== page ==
People v. Gott (1979)

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[Crim. No. 34798. Court of Appeals of California, Second Appellate District, Division Four. December 7, 1979.]

THE PEOPLE, Plaintiff and Respondent, v. ROY LEONARD GOTT et al., Defendants and Appellants.

(Opinion by Kingsley, Acting P. J., with Jefferson (Bernard), J., and Swearinger, J., concurring.)

COUNSEL

Young & Briggs and Donald R. Briggs for Defendants and Appellants.

George Deukmejian, Attorney General, Robert H. Philibosian, Chief Assistant Attorney General, S. Clark Moore, Assistant Attorney General, Norman H. Sokolow and Linda C. Johnson, Deputy Attorneys General, for Plaintiff and Respondent.

OPINION

KINGSLEY, Acting P. J.

Defendants were jointly charged with: (count I) transportation of marijuana, in violation of section 11360 of the Health and Safety Code; (count II) possession of marijuana for the [100 Cal. App. 3d 3] purpose of sale, in violation of section 11359 of that code; and (count III), possession of a controlled substance, in violation of subdivision (a) of section 11357 of that code. After their motions to suppress, made under section 1538.5 of the Penal Code, were denied, defendant Morisse pled guilty to count I and defendant Gott pled guilty to count II. Both defendants were granted probation; they have appealed; we reverse.

Early in the evening of June 8, 1978, police officers on routine patrol, saw a car parked at a filling station. One of the officers saw one of the occupants drinking beer from a bottle. He approached the car and told that man it was illegal to have an open container of liquor while driving; the man exited the car, leaving the car door open, and threw away the bottle. The officer smelled the odor of marijuana coming from the car and, using his flashlight, saw two marijuana roaches in the car ashtray. Search of the interior of the car disclosed additional marijuana and some hashish. After the officer had removed the contraband from the passenger portion of the car, he still noticed a strong odor of marijuana coming from the trunk. He asked, and was refused, permission to search the trunk. Using a key obtained from the pocket of defendant Gott, he opened the trunk to discover 7 large bags containing about 134 pounds of marijuana.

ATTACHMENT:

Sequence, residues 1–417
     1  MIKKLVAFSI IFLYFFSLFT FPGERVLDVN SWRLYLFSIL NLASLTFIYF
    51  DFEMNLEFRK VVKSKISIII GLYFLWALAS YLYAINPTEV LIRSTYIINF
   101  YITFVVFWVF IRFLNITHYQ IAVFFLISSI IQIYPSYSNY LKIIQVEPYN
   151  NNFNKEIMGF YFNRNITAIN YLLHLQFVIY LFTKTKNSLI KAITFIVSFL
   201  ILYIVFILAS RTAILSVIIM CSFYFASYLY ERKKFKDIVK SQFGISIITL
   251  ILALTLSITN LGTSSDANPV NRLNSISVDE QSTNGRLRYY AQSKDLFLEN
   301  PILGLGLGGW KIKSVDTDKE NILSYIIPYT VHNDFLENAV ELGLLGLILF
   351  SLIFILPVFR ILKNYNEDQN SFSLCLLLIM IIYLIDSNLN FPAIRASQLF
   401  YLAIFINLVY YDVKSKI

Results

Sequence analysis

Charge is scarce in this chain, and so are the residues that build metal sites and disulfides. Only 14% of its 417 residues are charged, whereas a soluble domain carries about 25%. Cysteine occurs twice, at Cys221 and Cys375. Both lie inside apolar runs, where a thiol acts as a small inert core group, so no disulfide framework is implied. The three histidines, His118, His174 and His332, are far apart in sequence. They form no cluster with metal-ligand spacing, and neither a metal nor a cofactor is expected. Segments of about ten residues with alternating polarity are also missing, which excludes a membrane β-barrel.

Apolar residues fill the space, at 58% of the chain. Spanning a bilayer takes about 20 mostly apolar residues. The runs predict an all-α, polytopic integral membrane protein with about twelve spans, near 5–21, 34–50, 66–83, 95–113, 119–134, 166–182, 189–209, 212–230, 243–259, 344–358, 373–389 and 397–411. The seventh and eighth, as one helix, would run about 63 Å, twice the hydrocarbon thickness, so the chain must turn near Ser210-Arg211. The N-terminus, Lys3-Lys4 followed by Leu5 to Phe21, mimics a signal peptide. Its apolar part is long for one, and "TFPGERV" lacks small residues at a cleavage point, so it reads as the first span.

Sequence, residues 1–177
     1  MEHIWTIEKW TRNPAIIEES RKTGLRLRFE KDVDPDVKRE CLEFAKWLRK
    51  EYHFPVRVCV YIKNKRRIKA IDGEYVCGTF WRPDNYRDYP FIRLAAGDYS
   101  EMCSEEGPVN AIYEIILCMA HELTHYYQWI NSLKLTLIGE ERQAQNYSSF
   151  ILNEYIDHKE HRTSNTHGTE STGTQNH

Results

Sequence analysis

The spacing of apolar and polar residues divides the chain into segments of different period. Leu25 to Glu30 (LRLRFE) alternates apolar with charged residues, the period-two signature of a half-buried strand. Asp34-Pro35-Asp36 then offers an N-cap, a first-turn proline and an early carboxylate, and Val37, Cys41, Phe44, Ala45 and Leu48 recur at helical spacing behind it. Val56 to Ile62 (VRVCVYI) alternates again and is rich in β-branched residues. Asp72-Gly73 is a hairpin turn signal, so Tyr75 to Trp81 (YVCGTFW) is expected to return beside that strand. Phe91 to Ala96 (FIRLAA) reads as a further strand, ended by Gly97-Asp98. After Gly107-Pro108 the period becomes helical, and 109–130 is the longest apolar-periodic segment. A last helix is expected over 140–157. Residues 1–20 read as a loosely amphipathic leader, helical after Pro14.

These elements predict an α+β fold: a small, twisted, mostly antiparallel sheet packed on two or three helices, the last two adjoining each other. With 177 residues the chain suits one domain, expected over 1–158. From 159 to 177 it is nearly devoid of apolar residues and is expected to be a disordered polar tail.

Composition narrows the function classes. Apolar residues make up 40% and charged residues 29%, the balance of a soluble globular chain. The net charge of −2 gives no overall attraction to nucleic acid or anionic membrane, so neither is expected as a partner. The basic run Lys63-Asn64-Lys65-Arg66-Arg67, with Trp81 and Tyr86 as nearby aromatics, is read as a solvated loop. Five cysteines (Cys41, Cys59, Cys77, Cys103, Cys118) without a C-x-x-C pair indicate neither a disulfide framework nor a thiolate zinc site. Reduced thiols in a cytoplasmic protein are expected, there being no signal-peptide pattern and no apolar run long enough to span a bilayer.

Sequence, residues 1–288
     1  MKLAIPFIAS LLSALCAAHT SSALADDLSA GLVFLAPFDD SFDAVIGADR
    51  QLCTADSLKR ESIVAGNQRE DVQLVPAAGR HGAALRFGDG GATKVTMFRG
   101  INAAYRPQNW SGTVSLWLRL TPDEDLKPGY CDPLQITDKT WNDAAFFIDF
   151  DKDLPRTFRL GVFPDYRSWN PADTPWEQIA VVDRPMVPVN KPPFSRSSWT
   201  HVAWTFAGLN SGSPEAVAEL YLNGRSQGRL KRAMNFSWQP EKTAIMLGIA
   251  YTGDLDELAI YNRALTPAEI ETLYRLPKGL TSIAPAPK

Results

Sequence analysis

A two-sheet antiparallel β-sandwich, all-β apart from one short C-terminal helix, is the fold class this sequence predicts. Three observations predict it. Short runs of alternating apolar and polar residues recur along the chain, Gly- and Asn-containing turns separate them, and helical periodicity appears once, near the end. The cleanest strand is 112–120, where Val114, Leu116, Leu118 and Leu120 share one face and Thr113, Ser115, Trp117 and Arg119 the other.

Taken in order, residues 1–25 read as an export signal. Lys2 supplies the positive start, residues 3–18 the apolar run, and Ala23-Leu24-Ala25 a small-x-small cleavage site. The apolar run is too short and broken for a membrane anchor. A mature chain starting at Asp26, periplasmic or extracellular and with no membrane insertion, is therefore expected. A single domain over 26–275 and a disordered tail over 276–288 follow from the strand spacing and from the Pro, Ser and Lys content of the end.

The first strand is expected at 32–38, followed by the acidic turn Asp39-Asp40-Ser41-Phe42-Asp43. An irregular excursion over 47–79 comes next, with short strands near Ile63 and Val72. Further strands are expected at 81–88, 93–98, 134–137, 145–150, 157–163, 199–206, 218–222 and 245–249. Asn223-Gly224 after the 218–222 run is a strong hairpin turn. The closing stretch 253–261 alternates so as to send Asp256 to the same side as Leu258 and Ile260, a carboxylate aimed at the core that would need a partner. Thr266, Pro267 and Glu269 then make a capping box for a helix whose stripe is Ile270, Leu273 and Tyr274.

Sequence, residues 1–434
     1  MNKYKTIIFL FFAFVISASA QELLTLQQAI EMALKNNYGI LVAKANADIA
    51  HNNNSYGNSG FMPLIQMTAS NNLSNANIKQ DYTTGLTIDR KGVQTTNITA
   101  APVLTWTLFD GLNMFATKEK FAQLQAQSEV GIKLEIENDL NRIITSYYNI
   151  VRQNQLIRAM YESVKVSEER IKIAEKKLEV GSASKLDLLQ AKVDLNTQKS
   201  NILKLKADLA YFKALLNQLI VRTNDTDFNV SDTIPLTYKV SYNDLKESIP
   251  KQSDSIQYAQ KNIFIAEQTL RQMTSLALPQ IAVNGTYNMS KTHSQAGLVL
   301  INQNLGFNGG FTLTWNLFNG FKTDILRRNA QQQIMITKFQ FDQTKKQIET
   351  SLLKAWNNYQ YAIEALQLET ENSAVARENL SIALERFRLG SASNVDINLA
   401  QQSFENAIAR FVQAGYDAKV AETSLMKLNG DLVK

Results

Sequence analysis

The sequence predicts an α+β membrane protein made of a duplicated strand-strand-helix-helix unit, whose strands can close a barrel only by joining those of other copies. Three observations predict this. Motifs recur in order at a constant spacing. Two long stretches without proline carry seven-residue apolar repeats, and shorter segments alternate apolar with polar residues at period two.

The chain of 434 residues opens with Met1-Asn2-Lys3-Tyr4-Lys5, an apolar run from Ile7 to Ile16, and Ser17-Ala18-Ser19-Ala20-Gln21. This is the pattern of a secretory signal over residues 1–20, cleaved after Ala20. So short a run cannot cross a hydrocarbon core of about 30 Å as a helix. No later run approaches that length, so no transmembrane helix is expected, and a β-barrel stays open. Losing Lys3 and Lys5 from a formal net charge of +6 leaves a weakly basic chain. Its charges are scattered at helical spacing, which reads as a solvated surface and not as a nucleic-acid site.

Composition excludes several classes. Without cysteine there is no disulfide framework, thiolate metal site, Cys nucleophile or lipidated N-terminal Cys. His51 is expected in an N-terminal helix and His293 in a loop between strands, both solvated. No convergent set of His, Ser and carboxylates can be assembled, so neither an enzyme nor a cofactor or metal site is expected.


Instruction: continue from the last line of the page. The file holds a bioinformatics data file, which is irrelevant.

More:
[1] It is not here contended that the officers did not have probable cause to search the passenger compartment nor that the contraband discovered in that search was not lawfully obtained. The sole contention made on this appeal is directed to the warrantless and nonconsensual search of the automobile trunk.

We think it clear that, except for one matter, the search of the trunk was proper under the reasoning ofWimberly v. Superior Court (1976) 16 Cal. 3d 557 [128 Cal. Rptr. 641, 547 P.2d 417]. Here, the officers, unlike the officers in Wimberly did have reasonable grounds to believe that the trunk did contain contraband; the search was not a mere search made in hope that something would turn up. However, in the many cases in this state involving searches of automobile trunks that we have discovered, including Wimberly, there were only one or two officers involved. Here there were six officers surrounding the car, the occupants were under arrest, and the officer testified that there existed no "particular" emergency for the search that took place. It is emphasized in all of the cases that automobile searches are justified, as an exception to the usual requirement of a warrant, only if there is an emergent reason [100 Cal. App. 3d 4] for the search. Where the car would otherwise be left unattended, or there is other legitimate reason to believe that it would be moved or tampered with while a warrant was obtained, the courts have permitted automobile searches, and as in the cases discussed and distinguished in Wimberly, searches of a trunk. fn. 1 But where, as here, there are a substantial number of officers, amply sufficient to permit a car safely to be impounded and held inviolate while a warrant is obtained, the reason for the exception does not exist. The proper, and only legitimate, procedure, in such a situation is to impound and secure a warrant.

Although involving containers and not automobile trunks, we regard the recent decisions of the Supreme Court in People v. Minjares (1979) 24 Cal. 3d 410 [153 Cal. Rptr. 224, 591 P.2d 514], and in People v. Dalton (1979) 24 Cal. 3d 850 [157 Cal. Rptr. 497, 598 P.2d 467], as dictating the result here. The same considerations of privacy, and the same lack of emergent necessity, exist here as existed in those cases.

The judgments (orders granting probation) are reversed.

Jefferson (Bernard), J., and Swearinger, J., concurred.

FN 1. In Wimberly, the Supreme Court referred to three cases in which it had been held that there did exist grounds for a warrantless and nonconsensual search of an automobile trunk: "We do not conclude, however, that trunk searches are never justified when the quantity of contraband found is indicative only of personal use. Rather, we recognize that additional circumstances may generate the reasonable suspicion necessary to justify the further intrusion. Thus, for example, in People v. Hill, supra, 12 Cal. 3d 731, 748 [117 Cal. Rptr. 393, 528 P.2d 1] it was reasonable to assume the defendants were transporting marijuana where a desperate attempt to avoid apprehension was followed by the plain view discovery of contraband in the car. (See also People v. Martin (1956) 46 Cal. 2d 106, 108 [293 P.2d 52].) And, in People v. Cook, supra, 13 Cal. 3d 663, 670 [119 Cal. Rptr. 500, 532 P.2d 148] we held that the officers had probable cause to search the trunk where the odor of fresh marijuana was much stronger than that which could be attributed to the items found in the passenger compartment."(16 Cal. 3d 557 at p. 573.)